But I'm hale and hearty,

and fit as ever I was.

- So why can I not go home?

- Now, look here.

I know how anxious you must be.

We all are. But don't you see...

Oh, what's the good of talking?

You're all the same in this army.

First it's days and days

of parading and saluting,

and learning how to handle

a deadly weapon.

Then it's months of waiting

to be shipped out.

Then it's 5,000 miles around the world

to a godforsaken spot

in the middle of nowhere.

And then, the day before the war ends,

I get a small wound in my back.

And now I'm bogged down

in a mass of medical red tape!

Yeah, I wasted my time, surely!

- Good morning, Sister.

- Good morning, sir.

- How many patients left in your ward?

- Five, sir.

Five. Should be enough.

What are they like?

- What are they like, sir?

- Yes.

Are they a decent crowd, you know?

- Kind, friendly, sympathetic?

- Yes, sir.

They seem to be.

Well, we shall just have to take it

for granted that it'll work out.

It's rather a delicate situation.

Now, to begin with,

I'm thinking of sending you over

a new patient this morning.

Rate this script:(0.00 / 0 votes)

Ranald MacDougall

Ranald MacDougall (March 10, 1915 – December 12, 1973) was an American screenwriter who scripted such films as Mildred Pierce (1945), The Unsuspected (1947), June Bride (1948), and The Naked Jungle (1954), and shared screenwriting credit for 1963's Cleopatra. He also directed a number of films, including 1957's Man on Fire with Bing Crosby and 1959's The World, the Flesh and the Devil, both of which featured actress Inger Stevens. more…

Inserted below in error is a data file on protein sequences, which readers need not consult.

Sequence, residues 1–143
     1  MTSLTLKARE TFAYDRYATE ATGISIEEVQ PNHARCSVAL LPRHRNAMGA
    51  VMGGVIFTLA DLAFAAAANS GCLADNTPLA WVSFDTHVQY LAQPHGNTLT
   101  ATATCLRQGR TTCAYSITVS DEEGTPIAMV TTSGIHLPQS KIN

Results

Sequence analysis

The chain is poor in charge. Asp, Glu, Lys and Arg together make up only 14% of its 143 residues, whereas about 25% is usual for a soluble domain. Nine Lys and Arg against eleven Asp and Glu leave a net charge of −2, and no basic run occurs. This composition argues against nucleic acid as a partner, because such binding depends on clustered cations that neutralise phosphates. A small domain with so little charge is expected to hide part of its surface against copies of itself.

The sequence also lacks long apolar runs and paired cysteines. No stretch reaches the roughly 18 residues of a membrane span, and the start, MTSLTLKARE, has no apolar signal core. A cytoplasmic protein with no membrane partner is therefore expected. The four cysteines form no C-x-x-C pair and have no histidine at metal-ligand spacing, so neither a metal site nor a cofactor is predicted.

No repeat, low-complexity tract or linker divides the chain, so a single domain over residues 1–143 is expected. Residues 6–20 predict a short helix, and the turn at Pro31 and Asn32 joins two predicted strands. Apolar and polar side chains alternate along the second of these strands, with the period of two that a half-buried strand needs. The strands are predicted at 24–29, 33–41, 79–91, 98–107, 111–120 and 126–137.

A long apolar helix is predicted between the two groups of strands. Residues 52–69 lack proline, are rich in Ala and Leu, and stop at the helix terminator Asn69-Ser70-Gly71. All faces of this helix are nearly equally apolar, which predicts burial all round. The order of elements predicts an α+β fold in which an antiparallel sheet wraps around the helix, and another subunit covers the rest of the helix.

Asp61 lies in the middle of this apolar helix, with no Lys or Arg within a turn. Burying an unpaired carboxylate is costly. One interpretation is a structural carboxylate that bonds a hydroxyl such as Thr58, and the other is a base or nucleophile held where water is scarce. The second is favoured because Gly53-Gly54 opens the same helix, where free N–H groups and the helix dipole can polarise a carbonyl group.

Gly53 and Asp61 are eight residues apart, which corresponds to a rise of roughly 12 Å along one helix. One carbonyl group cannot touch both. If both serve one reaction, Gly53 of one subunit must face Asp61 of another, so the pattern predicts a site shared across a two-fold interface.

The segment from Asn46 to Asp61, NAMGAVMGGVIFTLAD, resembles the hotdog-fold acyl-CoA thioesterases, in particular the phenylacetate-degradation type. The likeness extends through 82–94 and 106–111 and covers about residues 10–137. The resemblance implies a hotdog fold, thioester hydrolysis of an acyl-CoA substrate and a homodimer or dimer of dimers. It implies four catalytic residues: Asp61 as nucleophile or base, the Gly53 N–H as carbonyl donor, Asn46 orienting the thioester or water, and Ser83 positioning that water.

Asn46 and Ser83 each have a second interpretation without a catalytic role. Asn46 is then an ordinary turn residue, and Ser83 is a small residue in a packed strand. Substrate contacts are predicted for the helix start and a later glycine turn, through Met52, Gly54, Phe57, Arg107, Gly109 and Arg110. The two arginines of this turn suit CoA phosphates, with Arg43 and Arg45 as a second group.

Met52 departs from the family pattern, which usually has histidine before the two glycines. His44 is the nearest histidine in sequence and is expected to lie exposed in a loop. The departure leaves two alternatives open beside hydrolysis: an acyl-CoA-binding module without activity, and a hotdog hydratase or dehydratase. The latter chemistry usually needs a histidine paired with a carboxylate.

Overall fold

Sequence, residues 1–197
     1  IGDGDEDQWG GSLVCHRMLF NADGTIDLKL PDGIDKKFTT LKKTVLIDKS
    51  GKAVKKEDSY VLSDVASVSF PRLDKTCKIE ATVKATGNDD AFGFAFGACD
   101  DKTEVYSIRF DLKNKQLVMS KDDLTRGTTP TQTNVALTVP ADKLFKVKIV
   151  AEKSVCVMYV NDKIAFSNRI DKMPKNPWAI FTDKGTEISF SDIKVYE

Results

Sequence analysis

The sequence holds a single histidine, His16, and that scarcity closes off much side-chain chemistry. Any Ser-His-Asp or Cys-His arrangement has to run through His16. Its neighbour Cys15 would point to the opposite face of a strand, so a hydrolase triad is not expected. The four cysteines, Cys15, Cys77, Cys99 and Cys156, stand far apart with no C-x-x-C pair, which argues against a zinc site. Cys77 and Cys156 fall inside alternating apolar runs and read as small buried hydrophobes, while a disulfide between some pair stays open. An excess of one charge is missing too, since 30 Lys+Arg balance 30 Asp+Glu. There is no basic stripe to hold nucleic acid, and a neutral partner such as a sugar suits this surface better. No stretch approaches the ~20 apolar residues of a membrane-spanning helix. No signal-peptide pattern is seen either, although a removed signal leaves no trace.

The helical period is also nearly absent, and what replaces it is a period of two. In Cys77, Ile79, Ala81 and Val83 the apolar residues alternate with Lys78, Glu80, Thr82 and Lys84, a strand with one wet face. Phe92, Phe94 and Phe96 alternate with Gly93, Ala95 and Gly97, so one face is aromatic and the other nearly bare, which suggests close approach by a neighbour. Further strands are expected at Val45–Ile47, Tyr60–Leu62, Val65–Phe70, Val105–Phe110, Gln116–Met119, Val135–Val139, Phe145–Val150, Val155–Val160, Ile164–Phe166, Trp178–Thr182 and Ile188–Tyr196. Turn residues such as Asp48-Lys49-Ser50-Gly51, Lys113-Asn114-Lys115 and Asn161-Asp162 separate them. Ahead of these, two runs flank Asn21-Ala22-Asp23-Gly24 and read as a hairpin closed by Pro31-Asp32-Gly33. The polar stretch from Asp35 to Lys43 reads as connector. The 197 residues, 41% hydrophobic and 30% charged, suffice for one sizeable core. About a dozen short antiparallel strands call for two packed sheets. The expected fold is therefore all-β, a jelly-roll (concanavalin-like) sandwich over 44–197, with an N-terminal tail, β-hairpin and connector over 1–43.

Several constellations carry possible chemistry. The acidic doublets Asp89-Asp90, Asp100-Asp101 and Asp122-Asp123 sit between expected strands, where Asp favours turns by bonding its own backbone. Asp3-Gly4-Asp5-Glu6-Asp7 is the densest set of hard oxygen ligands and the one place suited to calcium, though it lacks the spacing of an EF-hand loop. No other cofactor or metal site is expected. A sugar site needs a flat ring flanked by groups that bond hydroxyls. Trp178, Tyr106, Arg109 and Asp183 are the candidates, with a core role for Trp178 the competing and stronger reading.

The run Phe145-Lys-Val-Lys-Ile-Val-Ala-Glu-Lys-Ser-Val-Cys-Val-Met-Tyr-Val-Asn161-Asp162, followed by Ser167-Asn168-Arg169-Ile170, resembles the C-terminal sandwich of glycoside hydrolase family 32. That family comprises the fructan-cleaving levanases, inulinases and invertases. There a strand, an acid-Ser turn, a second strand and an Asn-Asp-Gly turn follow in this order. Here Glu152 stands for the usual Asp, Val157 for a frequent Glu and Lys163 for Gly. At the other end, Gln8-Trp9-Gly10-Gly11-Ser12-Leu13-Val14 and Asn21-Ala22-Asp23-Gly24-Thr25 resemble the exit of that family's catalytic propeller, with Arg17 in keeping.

All Ranald MacDougall scripts | Ranald MacDougall Scripts

FAVORITE (0 fans)

Submitted on August 05, 2018

Translation

Translate and read this script in other languages:

Select another language:

  • - Select -
  • Chinese - Simplified 简体中文 (Chinese - Simplified)
  • Chinese - Traditional 繁體中文 (Chinese - Traditional)
  • Spanish Español (Spanish)
  • Esperanto Esperanto (Esperanto)
  • Japanese 日本語 (Japanese)
  • Portuguese Português (Portuguese)
  • German Deutsch (German)
  • Arabic العربية (Arabic)
  • French Français (French)
  • Russian Русский (Russian)
  • Kannada ಕನ್ನಡ (Kannada)
  • Korean 한국어 (Korean)
  • Hebrew עברית (Hebrew)
  • Ukrainian Український (Ukrainian)
  • Urdu اردو (Urdu)
  • Hungarian Magyar (Hungarian)
  • Hindi मानक हिन्दी (Hindi)
  • Indonesian Indonesia (Indonesian)
  • Italian Italiano (Italian)
  • Tamil தமிழ் (Tamil)
  • Turkish Türkçe (Turkish)
  • Telugu తెలుగు (Telugu)
  • Thai ภาษาไทย (Thai)
  • Vietnamese Tiếng Việt (Vietnamese)
  • Czech Čeština (Czech)
  • Polish Polski (Polish)
  • Indonesian Bahasa Indonesia (Indonesian)
  • Romanian Românește (Romanian)
  • Dutch Nederlands (Dutch)
  • Greek Ελληνικά (Greek)
  • Latin Latinum (Latin)
  • Swedish Svenska (Swedish)
  • Danish Dansk (Danish)
  • Finnish Suomi (Finnish)
  • Persian فارسی (Persian)
  • Yiddish ייִדיש (Yiddish)
  • Armenian հայերեն (Armenian)
  • Norwegian Norsk (Norwegian)
  • English English (English)

Discuss this The Hasty Heart script with the community:

Citation

Use the citation below to add this screenplay to your bibliography:

Style:MLAChicagoAPA

"The Hasty Heart" Scripts.com. STANDS4 LLC, 2019. Web. 23 Oct. 2019. <https://www.scripts.com/script/the_hasty_heart_20401>.

We need you!

Help us build the largest writers community and scripts collection on the web!

The Marketplace:

Sell your Script !

Get listed in the most prominent screenplays collection on the web!


The Studio:

ScreenWriting Tool

Write your screenplay and focus on the story with many helpful features.


Thanks for your vote! We truly appreciate your support.